This essay looks at the manner in which President Obama has handled two issues mostly affecting women -- abortion rights and sexual assaults in the military – raising questions about the disparity between his earnest rhetoric and the effects of his policies.
The essay begins with a damaging development which appears to threaten prosecutions of sexual assault in the military.
The essay concludes with brief remarks about the implications of White House policy on wider national and international matters.
The issue of sexual assaults in the military rose to media prominence in the spring of 2013 largely due to news of a Pentagon study that estimated that 26,000 men and women in the military were sexually assaulted in 2012 up from 19,000 in 2011. In May, NY Senator Kirsten Gillebrand stirred debate when she grilled military brass in a Senate hearing and pressed for removing sexual assault prosecutions out of the military chain of command.
President Obama, in turn, made a strong public statement supporting the victims of sexual abuse at a press conference. Weeks later a front page story in the New York Times informed readers that “Remark by Obama Complicates Military Sexual Assault Trials.” The word “complicates” actually seemed to downplay the effect of the president’s remark since the Times’ story indicated that it could mean an end to “almost all” prosecutions for sexual assault in the military.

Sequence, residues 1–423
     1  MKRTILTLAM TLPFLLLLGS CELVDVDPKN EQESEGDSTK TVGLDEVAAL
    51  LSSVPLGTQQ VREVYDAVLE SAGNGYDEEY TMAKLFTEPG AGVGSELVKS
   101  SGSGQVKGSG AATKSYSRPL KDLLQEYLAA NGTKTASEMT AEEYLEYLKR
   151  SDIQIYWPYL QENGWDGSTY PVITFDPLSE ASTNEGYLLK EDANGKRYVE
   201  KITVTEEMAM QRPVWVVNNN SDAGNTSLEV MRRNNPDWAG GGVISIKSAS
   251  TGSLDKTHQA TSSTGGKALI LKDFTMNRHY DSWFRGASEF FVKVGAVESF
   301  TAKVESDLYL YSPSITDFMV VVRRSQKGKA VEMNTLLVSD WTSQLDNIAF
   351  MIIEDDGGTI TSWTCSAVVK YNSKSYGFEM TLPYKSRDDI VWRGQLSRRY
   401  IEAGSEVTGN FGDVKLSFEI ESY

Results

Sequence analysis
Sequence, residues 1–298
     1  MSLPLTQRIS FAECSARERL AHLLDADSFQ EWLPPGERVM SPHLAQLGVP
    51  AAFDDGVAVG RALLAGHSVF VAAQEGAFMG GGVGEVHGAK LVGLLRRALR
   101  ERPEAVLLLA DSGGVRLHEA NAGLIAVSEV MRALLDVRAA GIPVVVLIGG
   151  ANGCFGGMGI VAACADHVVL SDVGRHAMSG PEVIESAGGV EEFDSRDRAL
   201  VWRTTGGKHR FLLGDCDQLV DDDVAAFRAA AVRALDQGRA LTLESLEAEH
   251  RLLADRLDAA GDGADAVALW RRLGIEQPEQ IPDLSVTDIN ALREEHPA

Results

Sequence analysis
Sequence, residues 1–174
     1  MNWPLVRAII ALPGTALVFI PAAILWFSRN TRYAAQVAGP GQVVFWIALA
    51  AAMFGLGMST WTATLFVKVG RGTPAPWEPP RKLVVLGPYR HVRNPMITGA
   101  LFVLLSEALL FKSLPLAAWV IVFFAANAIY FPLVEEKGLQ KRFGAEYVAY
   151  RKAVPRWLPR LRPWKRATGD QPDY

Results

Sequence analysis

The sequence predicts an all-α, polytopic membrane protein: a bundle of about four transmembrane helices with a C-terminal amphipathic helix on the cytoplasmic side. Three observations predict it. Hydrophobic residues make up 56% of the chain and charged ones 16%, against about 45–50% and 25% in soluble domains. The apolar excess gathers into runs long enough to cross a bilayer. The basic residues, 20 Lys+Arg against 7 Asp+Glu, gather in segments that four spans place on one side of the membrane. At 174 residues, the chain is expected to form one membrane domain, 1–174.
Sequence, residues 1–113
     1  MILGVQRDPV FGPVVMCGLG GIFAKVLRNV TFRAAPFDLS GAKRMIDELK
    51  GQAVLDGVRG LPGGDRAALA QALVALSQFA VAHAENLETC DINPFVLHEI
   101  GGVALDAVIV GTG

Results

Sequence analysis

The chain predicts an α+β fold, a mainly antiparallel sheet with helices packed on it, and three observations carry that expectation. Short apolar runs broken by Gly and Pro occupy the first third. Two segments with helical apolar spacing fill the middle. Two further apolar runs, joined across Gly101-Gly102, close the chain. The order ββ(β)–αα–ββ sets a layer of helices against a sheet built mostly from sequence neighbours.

What did the president say?
Answering a reporter’s question, Mr. Obama said that those who commit sexual assault in the military should be “prosecuted, stripped of their positions, court-martialed, fired, dishonorably discharged.” While these directions may have seemed appropriate to a general audience, the Times explained that Obama’s remark “mudd[ied] legal cases across the country” because “Mr. Obama’s words as commander in chief amounted to ‘unlawful command influence,’ tainting trials as a result.” The Times report explained that the bulk if not all prosecutions for sexual assault in the military are now under question because “defense lawyers will seize on the president’s call for an automatic dishonorable discharge…arguing that his words will affect their cases.”
The Times cited five cases where the president’s remark has already had the effect of “complicating” matters, including one at Shaw Air Force Base in South Carolina, where “a judge dismissed charges of sexual assault against an Army officer, noting the command influence issue.”
The president’s statement raises the question of his intentions. Did he purposefully enumerate the various penalties in order to squelch such military prosecutions? The main piece of evidence is the unusual specificity of his instructions.
President Obama said offenders should be:
stripped of their positions,
The Times article cites a precedent could have provided him with a suggestion on how to proceed if he wished to block these cases.